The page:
My time at the OCM and MPG came to an abrupt end in 1989 when the company eliminated Plymouth’s copy desk and planned to move the staffers to (if memory serves) their office in Orleans on the Cape itself, which was a bridge too far even for me.
Several months before my departure, Sharon fell in love with an Italian guy, left the company and moved from Marstons Mills to Rome; she’s worked for a United Nations agency there for many years, and I exchanged emails with her while I was in Slovenia. Mark Pothier, who’s had and continues to have a distinguished career at the Globe, last year revived Adventure Set (good for him).
During my time as a columnist and occasional music writer for the OCM, I was simultaneously writing for papers like the Boston Herald and the Patriot-Ledger, not to mention Boston Rock, and I greatly appreciated the chance to pretty much write about whatever I cared to for the Plymouth paper. Among other things, I interviewed Chris Butler, formerly of the Waitresses, one of my all-time songwriting heroes; John Goldrosen, author of the definitive biography of Buddy Holly, Remembering Buddy (Goldrosen was working in a Hyannis bookstore at the time and stopped by the newsroom for an engaging chat about his obsession); bands like Brave Combo and the Incredible Casuals; and covered, among other things, MTV, independent movie houses around Boston, the secret treasures of Harvard Square, and Soap-A-Rama, a combination laundromat/dry cleaner/tanning salon/exercise spa/snack bar/TV lounge in Brighton.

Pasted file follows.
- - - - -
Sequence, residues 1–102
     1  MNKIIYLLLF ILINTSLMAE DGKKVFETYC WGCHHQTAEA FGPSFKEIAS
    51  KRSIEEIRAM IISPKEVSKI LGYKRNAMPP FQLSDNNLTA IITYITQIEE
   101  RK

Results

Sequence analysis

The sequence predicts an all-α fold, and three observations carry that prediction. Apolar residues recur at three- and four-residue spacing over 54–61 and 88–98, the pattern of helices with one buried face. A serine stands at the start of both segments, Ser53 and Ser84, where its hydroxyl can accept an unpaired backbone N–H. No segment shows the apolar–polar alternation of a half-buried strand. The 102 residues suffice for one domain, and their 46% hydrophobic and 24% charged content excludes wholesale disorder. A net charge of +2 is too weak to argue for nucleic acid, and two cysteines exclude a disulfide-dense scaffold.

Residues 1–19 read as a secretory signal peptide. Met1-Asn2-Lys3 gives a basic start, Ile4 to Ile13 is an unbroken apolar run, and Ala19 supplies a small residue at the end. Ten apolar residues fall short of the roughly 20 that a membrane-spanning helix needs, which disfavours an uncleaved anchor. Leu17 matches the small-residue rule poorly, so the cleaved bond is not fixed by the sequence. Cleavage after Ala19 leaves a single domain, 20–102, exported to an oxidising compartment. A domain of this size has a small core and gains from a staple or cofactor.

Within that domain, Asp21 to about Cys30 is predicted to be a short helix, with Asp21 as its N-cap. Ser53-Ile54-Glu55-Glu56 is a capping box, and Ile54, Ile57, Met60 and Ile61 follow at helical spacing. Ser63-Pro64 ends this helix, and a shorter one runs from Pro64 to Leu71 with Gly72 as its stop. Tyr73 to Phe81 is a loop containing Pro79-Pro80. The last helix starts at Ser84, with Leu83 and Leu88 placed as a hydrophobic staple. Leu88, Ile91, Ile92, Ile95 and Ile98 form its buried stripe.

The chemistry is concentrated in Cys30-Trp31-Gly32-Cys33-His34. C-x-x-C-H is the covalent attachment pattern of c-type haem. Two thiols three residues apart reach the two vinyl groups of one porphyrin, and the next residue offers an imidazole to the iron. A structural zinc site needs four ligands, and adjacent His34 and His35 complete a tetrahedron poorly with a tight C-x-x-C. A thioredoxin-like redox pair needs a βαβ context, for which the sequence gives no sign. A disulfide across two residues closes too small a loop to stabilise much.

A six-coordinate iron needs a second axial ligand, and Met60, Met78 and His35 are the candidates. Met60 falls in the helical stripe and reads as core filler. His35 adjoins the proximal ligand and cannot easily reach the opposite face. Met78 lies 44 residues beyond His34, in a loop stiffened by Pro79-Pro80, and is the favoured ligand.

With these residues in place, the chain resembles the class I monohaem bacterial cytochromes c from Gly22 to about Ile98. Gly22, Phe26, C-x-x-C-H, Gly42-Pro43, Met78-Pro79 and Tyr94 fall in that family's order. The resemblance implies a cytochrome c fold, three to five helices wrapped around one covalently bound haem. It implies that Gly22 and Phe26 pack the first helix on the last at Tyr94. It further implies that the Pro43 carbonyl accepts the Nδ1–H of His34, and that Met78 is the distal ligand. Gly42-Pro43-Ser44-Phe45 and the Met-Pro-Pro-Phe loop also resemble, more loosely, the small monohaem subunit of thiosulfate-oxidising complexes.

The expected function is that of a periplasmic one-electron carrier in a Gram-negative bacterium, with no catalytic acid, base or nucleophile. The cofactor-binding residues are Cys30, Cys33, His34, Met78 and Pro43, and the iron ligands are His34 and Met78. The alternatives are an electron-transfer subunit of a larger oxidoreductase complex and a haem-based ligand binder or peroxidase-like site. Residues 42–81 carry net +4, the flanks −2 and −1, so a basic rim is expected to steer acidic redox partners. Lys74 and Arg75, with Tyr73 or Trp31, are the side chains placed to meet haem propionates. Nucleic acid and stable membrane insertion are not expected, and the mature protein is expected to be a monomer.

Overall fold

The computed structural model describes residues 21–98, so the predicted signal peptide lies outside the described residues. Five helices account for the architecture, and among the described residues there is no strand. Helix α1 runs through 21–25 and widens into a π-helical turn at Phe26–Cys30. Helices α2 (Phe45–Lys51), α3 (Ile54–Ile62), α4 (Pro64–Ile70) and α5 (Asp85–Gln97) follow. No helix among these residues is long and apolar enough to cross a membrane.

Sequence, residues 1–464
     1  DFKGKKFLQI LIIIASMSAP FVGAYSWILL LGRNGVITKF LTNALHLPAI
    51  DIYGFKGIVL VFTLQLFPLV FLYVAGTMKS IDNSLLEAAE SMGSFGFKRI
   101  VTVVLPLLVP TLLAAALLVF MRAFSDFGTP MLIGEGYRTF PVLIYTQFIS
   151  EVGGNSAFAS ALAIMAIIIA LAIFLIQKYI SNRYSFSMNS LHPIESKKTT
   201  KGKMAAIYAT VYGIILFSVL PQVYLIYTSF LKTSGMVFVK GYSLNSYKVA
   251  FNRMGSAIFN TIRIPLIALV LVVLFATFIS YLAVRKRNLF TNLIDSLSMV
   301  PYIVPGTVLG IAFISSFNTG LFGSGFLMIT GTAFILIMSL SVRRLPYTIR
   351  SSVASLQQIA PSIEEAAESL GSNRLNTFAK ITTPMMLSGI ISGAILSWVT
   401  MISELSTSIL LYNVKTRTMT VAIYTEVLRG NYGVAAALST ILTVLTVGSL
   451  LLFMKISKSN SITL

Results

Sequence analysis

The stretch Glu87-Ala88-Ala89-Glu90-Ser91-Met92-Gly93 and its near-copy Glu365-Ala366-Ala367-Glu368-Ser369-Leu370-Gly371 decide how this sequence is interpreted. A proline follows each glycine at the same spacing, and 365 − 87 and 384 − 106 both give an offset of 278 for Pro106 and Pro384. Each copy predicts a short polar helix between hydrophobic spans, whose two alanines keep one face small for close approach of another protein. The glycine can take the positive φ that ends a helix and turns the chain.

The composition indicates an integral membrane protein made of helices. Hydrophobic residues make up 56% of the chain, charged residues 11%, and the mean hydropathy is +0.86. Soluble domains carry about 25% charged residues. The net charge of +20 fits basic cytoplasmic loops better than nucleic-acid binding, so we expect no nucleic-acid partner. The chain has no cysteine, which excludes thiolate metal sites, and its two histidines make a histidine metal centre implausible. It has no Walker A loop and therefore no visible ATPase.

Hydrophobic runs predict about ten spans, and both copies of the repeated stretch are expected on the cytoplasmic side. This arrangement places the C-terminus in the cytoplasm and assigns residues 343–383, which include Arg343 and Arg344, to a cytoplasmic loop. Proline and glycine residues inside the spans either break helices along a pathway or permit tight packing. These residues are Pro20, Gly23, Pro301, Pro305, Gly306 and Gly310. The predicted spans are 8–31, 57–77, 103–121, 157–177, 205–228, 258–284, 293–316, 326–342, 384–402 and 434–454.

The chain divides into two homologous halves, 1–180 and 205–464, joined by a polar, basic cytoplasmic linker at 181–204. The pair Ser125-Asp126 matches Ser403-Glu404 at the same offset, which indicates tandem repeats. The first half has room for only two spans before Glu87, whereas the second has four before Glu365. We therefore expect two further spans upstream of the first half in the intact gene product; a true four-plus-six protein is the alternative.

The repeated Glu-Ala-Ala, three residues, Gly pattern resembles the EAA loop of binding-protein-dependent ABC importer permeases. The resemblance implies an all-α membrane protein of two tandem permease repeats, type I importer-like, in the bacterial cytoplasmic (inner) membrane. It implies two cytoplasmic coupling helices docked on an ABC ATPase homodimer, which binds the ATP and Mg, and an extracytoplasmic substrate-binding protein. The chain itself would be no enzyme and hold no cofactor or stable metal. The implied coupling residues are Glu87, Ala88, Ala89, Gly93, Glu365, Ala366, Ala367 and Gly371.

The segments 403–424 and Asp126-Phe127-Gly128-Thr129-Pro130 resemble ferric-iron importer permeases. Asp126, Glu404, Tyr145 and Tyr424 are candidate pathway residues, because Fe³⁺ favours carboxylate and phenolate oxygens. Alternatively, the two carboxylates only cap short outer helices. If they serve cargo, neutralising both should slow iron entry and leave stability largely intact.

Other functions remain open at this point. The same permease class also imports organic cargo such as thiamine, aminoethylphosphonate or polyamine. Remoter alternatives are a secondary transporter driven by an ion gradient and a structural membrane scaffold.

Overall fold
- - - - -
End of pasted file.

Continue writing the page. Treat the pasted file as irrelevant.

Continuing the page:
published on July 23, 1987. It incorporates an interview with Julie Farman, veteran PR pro and rock ‘n’ roll survivor, who currently writes this amusing blog recounting her past adventures. At that time she had just resigned her job booking bands at the Rat, Boston’s legendary punk Ground Zero, and was, as I wrote, “job hunting, in any city that isn’t Boston.” I still remember taking, with my crappy point-and-shoot camera of the day, that out-of-focus photo of Julie, standing just outside the Rat’s front door, in front of the display case that used to announce the nightly bill. (Visiting Boston from Slovenia, I last gazed on the Rat’s facade on the first day of October, 2000; it was boarded up then, and would be torn down later that very month.)
For my fellow veterans of the since well-mythologized mid-’80s Boston garage-punk scene, I think it’s instructive to read this primary-source document from a distance of nearly a quarter-century, and see that this bruised but still enterprising and idealistic, bright young force of nature — as I remember her to be — had all but closed the coffin lid on the vitality of said scene as far back as the summer of ’87. It was already over, or was it? Eventually, one way or the other, one moves on.
Michael Dukakis failed to get elected president.
And me, I’m Durward Kirby.